Gunmen approached a Paris synagogue and aimed automatic weapons at police.
No shots were fired and the five men fled on motorcycles when the armed officers stood their ground.
The incident happened on Saturday in the suburb of Garges-lès-Gonesse. Witnesses said the men pointed a handgun and a Kalashnikov at them and pretended to shoot.
A 21-year-old man was arrested minutes after the men fled the scene in what was seen as a direct threat to the shul.
"Officially, they came to exhibit their weapons, but they could have done that anywhere. They specifically chose a synagogue," said Sammy Ghozlan, the head of the BNVCA, an antisemitism monitoring group.
"The incident was, in fact, a message to police: 'You can stand outside Jewish buildings as long as you want, this won't stop us. We're superior'."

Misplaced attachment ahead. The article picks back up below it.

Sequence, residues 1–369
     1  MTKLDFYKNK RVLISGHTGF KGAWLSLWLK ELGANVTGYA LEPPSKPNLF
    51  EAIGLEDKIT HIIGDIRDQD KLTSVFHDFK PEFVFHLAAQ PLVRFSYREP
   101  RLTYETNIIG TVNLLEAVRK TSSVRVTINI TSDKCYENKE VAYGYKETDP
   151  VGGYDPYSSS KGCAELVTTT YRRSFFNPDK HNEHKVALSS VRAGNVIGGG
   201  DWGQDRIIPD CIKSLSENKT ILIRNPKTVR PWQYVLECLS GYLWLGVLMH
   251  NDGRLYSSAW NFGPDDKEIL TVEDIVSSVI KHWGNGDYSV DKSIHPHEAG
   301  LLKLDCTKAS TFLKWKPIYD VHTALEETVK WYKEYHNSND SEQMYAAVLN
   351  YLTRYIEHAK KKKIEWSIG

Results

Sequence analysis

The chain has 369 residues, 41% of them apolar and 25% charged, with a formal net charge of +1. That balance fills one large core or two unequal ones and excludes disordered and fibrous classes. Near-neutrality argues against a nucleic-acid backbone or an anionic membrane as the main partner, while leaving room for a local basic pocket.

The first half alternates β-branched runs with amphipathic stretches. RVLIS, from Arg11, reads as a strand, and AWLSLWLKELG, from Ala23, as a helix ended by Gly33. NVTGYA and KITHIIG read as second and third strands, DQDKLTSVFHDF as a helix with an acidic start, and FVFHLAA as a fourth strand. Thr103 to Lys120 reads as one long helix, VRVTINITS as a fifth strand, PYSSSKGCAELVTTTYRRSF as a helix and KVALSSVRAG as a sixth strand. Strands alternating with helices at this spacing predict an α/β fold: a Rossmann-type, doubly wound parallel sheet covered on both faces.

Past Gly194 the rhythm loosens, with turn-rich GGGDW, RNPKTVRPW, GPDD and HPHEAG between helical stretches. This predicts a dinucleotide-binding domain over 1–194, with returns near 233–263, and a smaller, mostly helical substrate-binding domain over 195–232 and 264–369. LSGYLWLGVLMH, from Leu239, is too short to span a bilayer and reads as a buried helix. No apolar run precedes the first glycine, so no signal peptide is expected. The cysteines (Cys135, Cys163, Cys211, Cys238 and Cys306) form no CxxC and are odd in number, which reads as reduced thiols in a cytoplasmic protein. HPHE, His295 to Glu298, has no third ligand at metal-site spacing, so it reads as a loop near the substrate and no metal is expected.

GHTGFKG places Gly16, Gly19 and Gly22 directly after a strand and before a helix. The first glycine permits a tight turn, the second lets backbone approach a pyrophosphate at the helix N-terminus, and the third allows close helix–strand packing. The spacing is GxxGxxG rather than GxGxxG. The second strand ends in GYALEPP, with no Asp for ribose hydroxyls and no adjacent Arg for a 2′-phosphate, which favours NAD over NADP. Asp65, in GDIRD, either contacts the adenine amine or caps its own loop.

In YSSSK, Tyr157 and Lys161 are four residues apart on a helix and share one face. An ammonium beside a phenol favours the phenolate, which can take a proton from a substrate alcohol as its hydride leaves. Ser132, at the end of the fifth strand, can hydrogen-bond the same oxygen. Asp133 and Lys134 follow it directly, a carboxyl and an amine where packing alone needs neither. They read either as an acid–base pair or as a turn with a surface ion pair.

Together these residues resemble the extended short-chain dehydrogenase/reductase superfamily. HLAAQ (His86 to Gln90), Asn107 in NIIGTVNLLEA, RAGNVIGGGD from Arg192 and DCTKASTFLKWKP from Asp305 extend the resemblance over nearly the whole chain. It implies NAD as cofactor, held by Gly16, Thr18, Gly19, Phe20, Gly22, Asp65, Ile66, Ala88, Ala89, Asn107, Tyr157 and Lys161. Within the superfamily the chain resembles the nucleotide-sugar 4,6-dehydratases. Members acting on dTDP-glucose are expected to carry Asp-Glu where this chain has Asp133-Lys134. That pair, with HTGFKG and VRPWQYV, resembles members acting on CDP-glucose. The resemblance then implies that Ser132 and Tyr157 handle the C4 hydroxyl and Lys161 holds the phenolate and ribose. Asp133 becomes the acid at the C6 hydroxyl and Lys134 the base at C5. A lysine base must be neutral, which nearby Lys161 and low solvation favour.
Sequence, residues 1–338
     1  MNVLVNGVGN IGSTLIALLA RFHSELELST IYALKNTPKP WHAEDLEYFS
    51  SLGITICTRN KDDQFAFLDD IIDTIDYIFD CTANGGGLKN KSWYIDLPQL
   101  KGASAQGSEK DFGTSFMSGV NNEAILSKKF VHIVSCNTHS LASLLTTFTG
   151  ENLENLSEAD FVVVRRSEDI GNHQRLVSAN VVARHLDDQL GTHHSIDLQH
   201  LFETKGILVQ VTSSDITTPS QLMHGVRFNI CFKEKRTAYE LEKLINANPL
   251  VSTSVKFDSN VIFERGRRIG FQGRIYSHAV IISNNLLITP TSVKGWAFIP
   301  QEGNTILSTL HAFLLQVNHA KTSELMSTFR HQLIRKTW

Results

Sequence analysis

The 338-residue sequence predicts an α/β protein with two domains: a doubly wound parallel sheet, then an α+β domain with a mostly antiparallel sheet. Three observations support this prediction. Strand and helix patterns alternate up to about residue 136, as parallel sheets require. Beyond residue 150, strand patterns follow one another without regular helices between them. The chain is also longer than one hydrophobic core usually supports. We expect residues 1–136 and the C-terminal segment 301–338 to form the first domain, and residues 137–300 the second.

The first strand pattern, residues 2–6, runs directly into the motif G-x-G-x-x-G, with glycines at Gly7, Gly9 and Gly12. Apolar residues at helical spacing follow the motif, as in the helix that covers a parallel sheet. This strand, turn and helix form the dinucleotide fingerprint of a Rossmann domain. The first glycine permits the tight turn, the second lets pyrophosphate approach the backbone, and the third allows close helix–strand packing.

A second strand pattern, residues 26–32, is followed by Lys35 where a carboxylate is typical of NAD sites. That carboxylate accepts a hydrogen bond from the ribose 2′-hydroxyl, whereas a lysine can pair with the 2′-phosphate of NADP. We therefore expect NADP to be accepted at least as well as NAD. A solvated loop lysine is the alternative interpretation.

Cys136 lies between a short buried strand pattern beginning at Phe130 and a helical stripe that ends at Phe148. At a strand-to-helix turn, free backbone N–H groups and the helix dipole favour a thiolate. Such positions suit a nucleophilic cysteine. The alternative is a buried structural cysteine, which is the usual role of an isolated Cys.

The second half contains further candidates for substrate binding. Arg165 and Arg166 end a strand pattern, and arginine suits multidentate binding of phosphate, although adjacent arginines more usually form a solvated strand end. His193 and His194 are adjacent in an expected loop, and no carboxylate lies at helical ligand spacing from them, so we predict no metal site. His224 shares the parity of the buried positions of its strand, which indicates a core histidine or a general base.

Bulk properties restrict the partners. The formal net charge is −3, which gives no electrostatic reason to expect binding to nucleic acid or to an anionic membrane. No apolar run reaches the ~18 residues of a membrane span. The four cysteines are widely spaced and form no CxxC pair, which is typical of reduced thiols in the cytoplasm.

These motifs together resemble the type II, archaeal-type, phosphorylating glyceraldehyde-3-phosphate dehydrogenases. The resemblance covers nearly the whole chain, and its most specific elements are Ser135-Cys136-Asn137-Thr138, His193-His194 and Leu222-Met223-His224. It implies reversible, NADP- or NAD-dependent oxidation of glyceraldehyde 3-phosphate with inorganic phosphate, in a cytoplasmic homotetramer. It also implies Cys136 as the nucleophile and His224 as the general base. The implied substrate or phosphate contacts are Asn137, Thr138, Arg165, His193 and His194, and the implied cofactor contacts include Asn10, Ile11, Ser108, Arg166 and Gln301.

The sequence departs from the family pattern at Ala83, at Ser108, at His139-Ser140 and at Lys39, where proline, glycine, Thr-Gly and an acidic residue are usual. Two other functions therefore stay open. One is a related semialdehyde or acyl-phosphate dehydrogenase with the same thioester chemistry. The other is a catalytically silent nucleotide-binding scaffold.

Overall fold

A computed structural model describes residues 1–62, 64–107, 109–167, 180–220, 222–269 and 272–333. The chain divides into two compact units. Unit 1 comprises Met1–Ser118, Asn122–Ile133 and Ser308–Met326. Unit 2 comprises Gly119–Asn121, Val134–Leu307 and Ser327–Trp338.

Antisemitic attacks have multiplied in France since the Brussels Jewish museum shooting left four dead. Similar waves of racist violence followed previous terror attacks.
"After 9/11 in New York, after the abduction of Ilan Halimi, after the Toulouse shooting, people started saying they'll imitate the terrorists. Delinquents and even school thugs said: 'We'll do to you what Ilan got'," added Mr Ghozlan.
France's Prime Minister Manuel Valls has said there are dozens of potential killers like Toulouse shooter Mohammed Merah. According to him, hundreds of French citizens have fought alongside jihadists in Syria.
Jihadi fighters are not the only ones threatening the Jewish community, however. "There isn't just one specific profile. The attackers are often young delinquents," said Mr Ghozlan. "What's very worrying is that to them, attacking Jews is a way of making 'tshuvah' - returning to the right path after years of delinquency. One imam told me that several men had asked him if they would go to heaven if they attack Jews."